Lara Trump, President Donald Trump's daughter-in-law, may be the next member of the family whose name appears on a ballot. According to a recent report from The New York Times, Trump is reportedly considering a Senate run in her home state of North Carolina. The outlet cites three allies who allege that Trump has been telling associates she could run in 2022 to replace Sen. Richard Burr, who has said he will not seek reelection after more than 15 years in office.
At this time, Trump has declined to comment on her alleged plans to run in 2022. It has already been suggested that Rep. Mark Walker may run for Burr's seat. The president has suggested he'd support Walker. Other potential candidates, according to The Times, include White House chief of staff Mark Meadows, former Gov. Pat McCrory, North Carolina Speaker Tim Moore, and Republican nominee for governor Dan Forest. Should she run, however, Trump "would be formidable," according to former White House counselor Kellyanne Conway.
"She has the trifecta: She can raise money, raise awareness of key issues and raise attention to her race," Conway told the Times. "Unlike many typical politicians, she connects with people and is a compelling messenger."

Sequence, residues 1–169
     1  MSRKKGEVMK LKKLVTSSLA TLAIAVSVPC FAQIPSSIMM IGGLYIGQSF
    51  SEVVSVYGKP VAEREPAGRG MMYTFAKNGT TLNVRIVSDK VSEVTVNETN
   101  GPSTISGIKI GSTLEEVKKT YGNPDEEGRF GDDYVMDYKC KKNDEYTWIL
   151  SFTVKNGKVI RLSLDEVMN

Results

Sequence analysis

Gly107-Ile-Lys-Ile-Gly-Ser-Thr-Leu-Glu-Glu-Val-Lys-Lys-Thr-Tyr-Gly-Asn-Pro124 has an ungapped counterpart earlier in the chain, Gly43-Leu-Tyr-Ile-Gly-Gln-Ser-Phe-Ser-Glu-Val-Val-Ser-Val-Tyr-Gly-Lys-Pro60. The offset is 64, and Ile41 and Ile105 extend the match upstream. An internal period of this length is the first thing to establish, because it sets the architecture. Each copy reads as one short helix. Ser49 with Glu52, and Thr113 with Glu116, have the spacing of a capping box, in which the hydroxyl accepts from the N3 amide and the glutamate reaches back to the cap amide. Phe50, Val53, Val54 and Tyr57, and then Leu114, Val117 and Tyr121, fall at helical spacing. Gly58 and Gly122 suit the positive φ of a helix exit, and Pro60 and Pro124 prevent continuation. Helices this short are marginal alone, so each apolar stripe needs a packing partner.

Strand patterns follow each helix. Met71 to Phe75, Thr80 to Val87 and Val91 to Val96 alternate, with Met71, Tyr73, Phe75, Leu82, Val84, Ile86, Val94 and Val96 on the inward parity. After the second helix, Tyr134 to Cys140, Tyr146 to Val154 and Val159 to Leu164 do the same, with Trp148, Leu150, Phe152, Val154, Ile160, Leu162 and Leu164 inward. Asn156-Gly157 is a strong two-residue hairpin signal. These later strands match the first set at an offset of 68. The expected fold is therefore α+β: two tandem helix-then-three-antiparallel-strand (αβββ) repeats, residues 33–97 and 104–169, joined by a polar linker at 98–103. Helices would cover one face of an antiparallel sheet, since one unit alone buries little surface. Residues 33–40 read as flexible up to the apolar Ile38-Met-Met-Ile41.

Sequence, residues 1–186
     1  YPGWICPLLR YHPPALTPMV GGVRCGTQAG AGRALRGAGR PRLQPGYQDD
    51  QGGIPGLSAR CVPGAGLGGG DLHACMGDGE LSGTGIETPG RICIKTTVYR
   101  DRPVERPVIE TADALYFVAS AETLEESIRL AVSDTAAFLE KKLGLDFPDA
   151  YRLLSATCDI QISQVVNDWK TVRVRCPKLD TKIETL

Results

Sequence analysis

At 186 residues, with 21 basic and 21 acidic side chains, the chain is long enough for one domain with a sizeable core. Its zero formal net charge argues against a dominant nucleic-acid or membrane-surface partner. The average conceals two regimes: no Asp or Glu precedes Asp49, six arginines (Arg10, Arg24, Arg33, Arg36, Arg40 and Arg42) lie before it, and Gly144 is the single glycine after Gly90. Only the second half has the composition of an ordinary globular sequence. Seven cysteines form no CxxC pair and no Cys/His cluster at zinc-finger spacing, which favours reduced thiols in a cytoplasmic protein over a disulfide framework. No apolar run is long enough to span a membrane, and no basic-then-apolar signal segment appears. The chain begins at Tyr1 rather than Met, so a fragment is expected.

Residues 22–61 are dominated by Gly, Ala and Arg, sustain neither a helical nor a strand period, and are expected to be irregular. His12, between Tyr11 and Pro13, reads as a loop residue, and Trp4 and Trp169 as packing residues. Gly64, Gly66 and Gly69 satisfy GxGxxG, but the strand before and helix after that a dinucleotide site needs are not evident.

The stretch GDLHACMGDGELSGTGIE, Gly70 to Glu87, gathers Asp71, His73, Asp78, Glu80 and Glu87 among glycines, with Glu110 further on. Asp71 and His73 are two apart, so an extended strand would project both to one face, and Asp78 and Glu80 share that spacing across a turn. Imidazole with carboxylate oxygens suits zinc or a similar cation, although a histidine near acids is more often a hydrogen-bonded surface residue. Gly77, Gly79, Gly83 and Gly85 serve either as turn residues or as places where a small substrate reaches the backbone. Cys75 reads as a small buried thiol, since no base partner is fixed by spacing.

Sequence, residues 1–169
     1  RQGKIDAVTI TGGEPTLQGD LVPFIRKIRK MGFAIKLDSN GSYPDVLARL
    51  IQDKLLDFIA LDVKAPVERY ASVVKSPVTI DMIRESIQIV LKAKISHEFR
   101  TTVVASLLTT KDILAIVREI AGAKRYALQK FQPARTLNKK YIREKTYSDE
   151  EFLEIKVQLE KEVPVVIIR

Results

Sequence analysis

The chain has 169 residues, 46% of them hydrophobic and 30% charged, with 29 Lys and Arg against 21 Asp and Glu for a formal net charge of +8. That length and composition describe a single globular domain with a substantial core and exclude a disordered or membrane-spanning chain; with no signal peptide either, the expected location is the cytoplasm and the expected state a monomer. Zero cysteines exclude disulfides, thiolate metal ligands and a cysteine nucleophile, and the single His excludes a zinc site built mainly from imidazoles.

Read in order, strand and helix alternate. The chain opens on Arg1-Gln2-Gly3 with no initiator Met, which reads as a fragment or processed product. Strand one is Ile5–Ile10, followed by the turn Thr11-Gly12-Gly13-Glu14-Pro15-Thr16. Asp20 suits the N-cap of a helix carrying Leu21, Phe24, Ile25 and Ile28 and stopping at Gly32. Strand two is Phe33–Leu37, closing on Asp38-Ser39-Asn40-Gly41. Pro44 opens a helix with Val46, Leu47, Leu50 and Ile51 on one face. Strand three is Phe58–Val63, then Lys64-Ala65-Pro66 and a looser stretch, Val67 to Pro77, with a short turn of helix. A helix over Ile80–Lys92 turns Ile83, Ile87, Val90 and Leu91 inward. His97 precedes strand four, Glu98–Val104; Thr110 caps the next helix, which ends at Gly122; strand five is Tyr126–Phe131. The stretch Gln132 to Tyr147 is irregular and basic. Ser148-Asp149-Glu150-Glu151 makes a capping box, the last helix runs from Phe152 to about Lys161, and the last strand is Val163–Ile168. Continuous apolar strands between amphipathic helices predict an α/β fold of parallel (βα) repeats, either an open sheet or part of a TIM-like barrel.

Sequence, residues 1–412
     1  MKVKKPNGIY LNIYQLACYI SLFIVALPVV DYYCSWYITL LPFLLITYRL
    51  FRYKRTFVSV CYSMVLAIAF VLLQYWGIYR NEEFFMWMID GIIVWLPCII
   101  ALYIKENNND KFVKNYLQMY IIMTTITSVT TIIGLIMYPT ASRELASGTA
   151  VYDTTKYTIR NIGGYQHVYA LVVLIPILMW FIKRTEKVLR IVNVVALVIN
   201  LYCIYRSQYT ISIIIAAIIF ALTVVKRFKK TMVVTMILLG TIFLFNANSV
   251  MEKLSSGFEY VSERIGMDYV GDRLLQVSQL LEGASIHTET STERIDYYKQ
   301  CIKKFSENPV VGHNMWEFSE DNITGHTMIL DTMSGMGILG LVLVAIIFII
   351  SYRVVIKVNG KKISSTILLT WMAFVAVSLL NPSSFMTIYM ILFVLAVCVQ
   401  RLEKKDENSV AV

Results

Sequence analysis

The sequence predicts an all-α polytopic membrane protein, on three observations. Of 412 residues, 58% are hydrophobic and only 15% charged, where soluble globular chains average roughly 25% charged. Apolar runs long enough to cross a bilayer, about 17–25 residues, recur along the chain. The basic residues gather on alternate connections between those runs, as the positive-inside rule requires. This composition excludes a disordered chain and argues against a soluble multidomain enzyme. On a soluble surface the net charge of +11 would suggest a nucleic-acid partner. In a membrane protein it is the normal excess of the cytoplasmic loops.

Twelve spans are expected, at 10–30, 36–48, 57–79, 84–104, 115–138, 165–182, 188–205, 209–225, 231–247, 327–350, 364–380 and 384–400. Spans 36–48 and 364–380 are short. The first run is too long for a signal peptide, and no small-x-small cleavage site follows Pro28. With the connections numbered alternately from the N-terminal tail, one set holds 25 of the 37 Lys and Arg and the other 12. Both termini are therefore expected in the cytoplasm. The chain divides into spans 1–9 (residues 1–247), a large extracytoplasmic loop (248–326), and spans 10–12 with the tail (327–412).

Trump, who married Eric Trump in 2014, formerly worked as a producer for Inside Edition, a TV news magazine. She left that position in 2016 to serve as a campaign adviser for the president, a role she held amid his 2020 run as well. Insider reports that Trump started the "Trump-Pence Women's Empowerment Tour" and also started a web program called Real News Update. Amid the 2020 election cycle, Trump had spoken at the Republican National Convention and made numerous campaign stops on the president's behalf in North Carolina.
Mercedes Schlapp, a Trump campaign adviser who traveled with Trump, said that she is "very charismatic" with "a natural instinct for politics." According to Schlapp, Trump is already "a household name" in North Carolina, and "people know her… She worked really hard on the campaign and was very involved in a lot of decisions throughout."
Regardless of whether Trump runs or not, the 2022 North Carolina Senate race is already shaping up to be a tight one. Although the state is historically Republican and again favored the president this year over his Democratic challenger, North Carolina has begun to emerge as a battleground. This year, the president won the state by just 1.3 percentage points, suggesting that North Carolina could flip blue and the Senate race will be tight.